With the start of a new decade, a number of new public works and development projects are on the table for the City of Delta. Public Works Director Betsy Suerth listed a few.
Redesign of the Fourth Street Hill:
East of Delta Main Street, Fourth Street eventually takes a right turn and becomes Hillside Street. The road is commonly referred to as the Fourth Street Hill due to its steep incline upward, and in the next few years, it’s getting a much needed redesign, according to Suerth.
“The design is complex,” Suerth said. “It’s going to address both the road condition issues and the stormwater issues, which are the basis for the reason the road is falling apart.”
According to Suerth, in addition to the road being redone on the surface level, a series of pipes will be added in order to combat road damage caused by stormwater in the future. This will be done by keeping massive amounts of running water off the road.
“There’s a lot of groundwater, mostly irrigation return water from Garnet Mesa that impacts the condition of the road,” Suerth said, “and because it’s deteriorated, it exponentially deteriorates once it gets to a certain point because that drainage just gets worse and worse as the road disintegrates.”
Due to the complexity of the project, Suerth said they probably won’t be looking at implication of the project until 2021, or even phased into 2022. “It’ll be a full-depth repair, most likely, which means you go all the way down, take the asphalt out of the base and go into the sub-base.”
There is no cost estimate for the project yet. Many factors have not yet been determined.
The City of Delta Public Works Department has already made preparations for a future of fiber optics, which promotes high-speed internet. According to Suerth, they finished a project in which they prepared polls in the downtown area for internet providers to use, bringing fast internet into town.
At the Dec. 3 Delta City Council meeting, Fiber West Representative Rob McAtee presented the council with the option to partner with them in order to share splice points and fiber optics. The partnership would allow them to create a grid with fiber optics, which could open up opportunities for not only high speed internet, but city-wide wireless services, remote meter reading and online portals where customers could view their energy and water usage in live time. Additionally, it could provide the opportunities for easy remote disconnects, allowing people to turn off houselights from a distance.
The DCI article, “City staff recommends that Delta pair with Fiber West for fiber optics” goes into further detail on Fiber West and the proposed memorandum of understanding with the city.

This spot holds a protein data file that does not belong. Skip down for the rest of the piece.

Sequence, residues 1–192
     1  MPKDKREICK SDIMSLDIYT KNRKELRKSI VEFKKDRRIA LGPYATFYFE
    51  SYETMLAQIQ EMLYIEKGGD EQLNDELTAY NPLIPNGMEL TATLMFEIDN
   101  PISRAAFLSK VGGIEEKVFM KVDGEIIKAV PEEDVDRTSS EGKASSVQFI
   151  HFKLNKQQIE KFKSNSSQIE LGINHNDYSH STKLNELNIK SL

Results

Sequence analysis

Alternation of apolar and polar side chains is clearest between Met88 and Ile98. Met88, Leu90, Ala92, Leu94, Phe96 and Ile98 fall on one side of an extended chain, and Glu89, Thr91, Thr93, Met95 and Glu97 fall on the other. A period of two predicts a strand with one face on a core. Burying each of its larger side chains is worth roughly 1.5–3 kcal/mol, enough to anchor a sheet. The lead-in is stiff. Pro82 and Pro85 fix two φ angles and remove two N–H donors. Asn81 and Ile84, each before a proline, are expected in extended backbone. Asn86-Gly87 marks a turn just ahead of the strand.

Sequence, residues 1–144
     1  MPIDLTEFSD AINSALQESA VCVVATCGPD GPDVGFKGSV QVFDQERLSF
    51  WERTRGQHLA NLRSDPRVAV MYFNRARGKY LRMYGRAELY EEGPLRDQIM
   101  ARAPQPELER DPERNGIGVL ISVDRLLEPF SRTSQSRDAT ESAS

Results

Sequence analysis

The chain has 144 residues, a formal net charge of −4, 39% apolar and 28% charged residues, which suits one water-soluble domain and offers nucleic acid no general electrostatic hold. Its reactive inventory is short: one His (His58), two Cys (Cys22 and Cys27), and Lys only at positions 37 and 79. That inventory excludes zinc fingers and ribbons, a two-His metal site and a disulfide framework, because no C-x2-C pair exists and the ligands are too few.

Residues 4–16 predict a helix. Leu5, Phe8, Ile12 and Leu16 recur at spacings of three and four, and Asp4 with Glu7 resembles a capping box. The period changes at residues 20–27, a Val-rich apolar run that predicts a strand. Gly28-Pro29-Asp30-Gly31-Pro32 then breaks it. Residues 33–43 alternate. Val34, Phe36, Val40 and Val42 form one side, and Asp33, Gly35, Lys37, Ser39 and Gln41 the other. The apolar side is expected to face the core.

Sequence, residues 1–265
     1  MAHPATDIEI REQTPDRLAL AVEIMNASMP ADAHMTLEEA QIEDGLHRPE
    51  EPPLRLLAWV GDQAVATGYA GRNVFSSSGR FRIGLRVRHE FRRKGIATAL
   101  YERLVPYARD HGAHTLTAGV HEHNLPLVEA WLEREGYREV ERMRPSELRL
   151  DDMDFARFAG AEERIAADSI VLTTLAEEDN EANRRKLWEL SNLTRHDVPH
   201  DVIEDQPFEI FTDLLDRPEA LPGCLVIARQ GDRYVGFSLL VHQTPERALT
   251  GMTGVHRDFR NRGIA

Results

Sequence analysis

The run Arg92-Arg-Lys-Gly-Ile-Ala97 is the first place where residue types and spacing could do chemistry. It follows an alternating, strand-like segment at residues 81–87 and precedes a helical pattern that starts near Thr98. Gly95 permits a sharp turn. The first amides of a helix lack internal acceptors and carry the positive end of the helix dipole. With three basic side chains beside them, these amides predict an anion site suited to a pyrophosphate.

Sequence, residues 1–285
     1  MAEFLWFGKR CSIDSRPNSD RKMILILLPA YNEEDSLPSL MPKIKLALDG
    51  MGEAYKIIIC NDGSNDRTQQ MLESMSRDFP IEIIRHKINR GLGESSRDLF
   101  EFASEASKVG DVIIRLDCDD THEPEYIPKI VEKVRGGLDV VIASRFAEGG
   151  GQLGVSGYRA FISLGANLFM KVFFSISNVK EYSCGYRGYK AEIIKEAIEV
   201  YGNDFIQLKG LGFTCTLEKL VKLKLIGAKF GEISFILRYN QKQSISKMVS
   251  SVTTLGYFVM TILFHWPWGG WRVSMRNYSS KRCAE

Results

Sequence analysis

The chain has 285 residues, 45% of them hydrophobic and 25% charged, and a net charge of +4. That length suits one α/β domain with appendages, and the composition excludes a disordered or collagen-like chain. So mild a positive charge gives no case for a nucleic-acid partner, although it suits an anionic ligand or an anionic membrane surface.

The prospective future fiber optics creates is further out, according to Suerth, with no real timeline or guarantee that any or all of these things will happen. “It really is dependent on how many people use the service from the internet service providers because that provides them the capital to keep going with their expansion,” Suerth said.
“There is an agreement in place for the city to own a buffer tube,” Suerth said. “We want that for internal city purposes.” Delta’s “business transaction,” as Suerth called it, is aimed to bring those services downtown.
According to Suerth, Fiber West is focusing on bringing the option of quick and affordable internet to residential areas. At the moment, Bluff Street is their testing area, but they are working on an expansion from that point. In order to do that, they need enough residents to sign up and show interest in it.
Leon Street sewer line replacement:
While both the Fourth Street Hill and fiber optics projects are long-term plans right now, the Public Works Department is also about to start a replacement of sewer line on Leon Street, Suerth said, with an estimated start date of April. Suerth recommended that residents of Leon Street plan ahead to some degree.
West Legacy Park:
Another more timely project is that of the pocket park that will be built where the old West’s Home Center sat until October. In August and October, Suerth said the project had an estimated completion date of mid May, and according to Suerth now, that is still the case.
“Until we get a contractor on board and see a schedule, we won’t know exactly, we won’t have a real accurate picture of that,” Suerth said, but the estimated completion date remains the same right now.
At the Jan. 7 city council meeting, Councilman Kevin Carlson brought up concerns that brick was falling off the walls on the outer edges of the neighboring businesses. While some brick has fallen, Suerth assured Carlson that the structure is currently determined to be stable. There are multiple layers of brick in various places, according to Suerth, and the brick that has fallen is not affecting either neighboring business. Brick has only fallen and is only at risk of falling within the worksite, which is fenced off from the public.
According to Suerth, the demolition team didn’t know what they would find or what obstacles they would hit during the process, as the building was over 100 years old. Considering they were prepared for obstacles, the process went well. Next steps includes determining property boundaries for the pocket park and the neighboring businesses.
Concrete replacement project and annual maintenance:
Suerth said the Public Works Department is processing the scope of replacing sidewalks in town and also chip sealing roads, which are annual maintenance projects. General road and sidewalk maintenance is a constant concern for the city, Suerth said.